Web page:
Hutchinson's Pictorial History of the War, Series 17 No 1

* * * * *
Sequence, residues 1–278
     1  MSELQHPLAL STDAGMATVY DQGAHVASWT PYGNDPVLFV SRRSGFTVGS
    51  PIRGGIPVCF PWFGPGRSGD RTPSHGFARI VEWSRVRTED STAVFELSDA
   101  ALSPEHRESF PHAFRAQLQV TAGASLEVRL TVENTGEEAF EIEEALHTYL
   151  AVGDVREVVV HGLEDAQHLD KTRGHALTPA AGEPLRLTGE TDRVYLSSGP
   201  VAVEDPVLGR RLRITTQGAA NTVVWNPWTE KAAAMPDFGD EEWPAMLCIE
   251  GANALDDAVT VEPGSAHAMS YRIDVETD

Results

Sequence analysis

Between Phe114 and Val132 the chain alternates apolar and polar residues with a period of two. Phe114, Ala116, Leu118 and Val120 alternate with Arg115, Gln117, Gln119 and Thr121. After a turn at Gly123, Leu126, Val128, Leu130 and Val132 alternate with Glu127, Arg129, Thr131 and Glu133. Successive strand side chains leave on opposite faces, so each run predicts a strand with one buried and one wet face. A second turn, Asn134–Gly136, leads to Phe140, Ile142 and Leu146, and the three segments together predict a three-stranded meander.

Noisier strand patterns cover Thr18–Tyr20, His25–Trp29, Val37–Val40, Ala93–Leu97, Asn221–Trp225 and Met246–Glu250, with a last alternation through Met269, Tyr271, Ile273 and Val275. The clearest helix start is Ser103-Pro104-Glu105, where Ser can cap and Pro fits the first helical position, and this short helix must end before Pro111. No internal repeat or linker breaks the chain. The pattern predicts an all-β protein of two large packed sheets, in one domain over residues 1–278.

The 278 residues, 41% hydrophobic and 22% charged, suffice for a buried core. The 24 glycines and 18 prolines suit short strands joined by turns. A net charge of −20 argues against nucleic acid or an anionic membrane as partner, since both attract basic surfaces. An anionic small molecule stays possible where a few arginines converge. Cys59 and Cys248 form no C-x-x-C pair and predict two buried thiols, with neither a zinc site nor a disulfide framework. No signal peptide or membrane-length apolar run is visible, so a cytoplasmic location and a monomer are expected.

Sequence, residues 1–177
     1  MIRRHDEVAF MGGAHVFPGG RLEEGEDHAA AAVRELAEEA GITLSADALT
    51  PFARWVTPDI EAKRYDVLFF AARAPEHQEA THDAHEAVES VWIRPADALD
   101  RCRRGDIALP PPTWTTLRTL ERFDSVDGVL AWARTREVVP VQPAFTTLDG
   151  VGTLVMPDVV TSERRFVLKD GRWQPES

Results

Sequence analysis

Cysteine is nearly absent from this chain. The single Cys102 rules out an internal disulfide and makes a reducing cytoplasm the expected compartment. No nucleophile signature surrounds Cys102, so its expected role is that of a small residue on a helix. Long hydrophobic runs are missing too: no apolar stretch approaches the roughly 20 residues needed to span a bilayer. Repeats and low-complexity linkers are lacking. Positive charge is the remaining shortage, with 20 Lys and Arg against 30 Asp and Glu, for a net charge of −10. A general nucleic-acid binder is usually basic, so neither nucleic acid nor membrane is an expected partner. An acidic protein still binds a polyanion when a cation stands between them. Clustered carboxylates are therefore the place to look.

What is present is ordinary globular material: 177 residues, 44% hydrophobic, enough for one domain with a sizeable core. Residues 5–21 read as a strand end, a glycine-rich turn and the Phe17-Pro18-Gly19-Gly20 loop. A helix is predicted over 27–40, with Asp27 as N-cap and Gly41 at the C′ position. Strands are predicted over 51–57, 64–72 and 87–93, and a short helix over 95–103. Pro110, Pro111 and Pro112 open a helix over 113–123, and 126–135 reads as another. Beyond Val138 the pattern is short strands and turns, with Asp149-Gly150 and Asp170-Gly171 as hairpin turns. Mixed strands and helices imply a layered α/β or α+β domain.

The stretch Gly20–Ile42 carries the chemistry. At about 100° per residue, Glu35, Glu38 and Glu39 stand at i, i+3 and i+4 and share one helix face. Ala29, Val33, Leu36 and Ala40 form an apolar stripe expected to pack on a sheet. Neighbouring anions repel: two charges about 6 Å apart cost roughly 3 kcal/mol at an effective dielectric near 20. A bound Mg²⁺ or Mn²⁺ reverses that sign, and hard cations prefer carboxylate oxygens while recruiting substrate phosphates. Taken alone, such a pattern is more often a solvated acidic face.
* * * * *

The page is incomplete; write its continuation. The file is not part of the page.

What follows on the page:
HUTCHINSON’S PICTORIAL HISTORY OF THE WAR THE PLANE WHICH BROUGHT HIM M. Molotov was llown from Russia in a powerful tonr- engined Soviet bombing aircraft seen hereon the Scottish landing ground after its arrival. in Europe. The two countries also agree that they will when peace is re-established, work together for the organisation o f security and economic prosperity in Europe. In doing so they will take into account the interests o f the United Nations, and they undertake to be guided by the two principles o f not seeking territorial aggrandisem ent for themselves, and o f not interfering in the internal affairs o f other States. The two Governments go onto declare their desire “to unite with other like-minded inStates adopting proposals for common action to preserve peace and resist aggression in the post-war period.” Meanwhile, when the war is ended they will take “all measures in their power to render impossible a repetition of aggres­sion and violation o f the peace by Germany or any of the States associated with her in acts o f aggression in Europe.” There is, of course, bound to be some interval after the victory has been gained before an effective inter­national system can be built up for preserving peace and for the prevention o f further aggression. The two Governments accordingly have agreed that, should one of our countries during the post-war period become involved in hostilities with Germany or any of her European associates in consequence o fan attack by one of them, the two Governments will at once give each other “all the military and other support and assistance” in their power. As for the duration o f this undertaking, I will quote from the relevant article o f the treaty :“This article shall remain in force until the high contracting parties by mutual agreement shall recognise that it is super­seded by the adoption o f the proposals contemplated in Article 3 .”That is, the long-term system o f inter­national security which the treaty contemplates as our goal, as I have already mentioned. The article then goes on :“In default of the adoption of such proposals it shall remain in forcc for a period of 20 years, and thereafter until terminated by either contracting party.” The treaty contains a ratification clause. Both Governments are anxious that the treaty shall come into force as soon as possible. The treaty accordingly will be laid forthwith on the table ot the House. Our conversations with M .Molotov were not, ol course, confined to treaty matters, important as those were. The war in all its aspects was reviewed, and I 2I will now give the House a quotation from the com­munique which is being issued this afternoon :“Full understanding was reached between the two parties with regard to the urgent task o f creating a second front in Europe in 1942. Discussions also took place on the question o f further improving the supplies o f aeroplanes, tanks, and other war material to be sent from Great Britain to the Soviet Union. Both sides were gratified to note the identity o f their views on all the above questions.” I am sure that the House will join with me in welcom­ing the signature o f this treaty and the prospect which it opens up o f active and fruitful co-operation in war and peace. From our long and friendly exchange of views with M .Molotov we are assured that the treaty expresses exactly the common desire o f the two Govern­ments. We have been enabled to arrive at this happy result through the establishment, by our contact with M. Stalin and M .Molotov, o f complete mutual con­fidence. This is the time to mention the valuable con­tribution to Anglo-Russian understanding made by M.M aisky over along period o f years. The signature o f this treaty not only formalises and emphasises the closeness of the collaboration between our two countries during the war. It affords also an indispensable basis for European reconstruction. This docs not mean that our two countries alone will be responsible for the peace o f Europe when the war is won. That is a burden which will be shared by all the United Nations. It means that without the closest understanding between Great Britain and the Soviet Union there can be 110 security and instability Europe, either for ourselves or for any o four allies. The prob­lems of peace arc not, o f course, for Europe alone, and I hope, with assured confidence, that the good work which our two Governments have accomplished will be welcomed by the President and people o f the United States and will enable our three great countries to work together in the years o f peace as now in the hard times of war. The following is text ol the treaty :Treaty of alliance in I he war against Hitlerite Germany and her associates in Europe and o f collaboration and mutual assistance thereafter between the Union of Soviet Socialist ON THE JOURNEY TO LONDON A special train brought M. Molotov to London. He spent six days in Britain, but his arrival and departure were kept secret.
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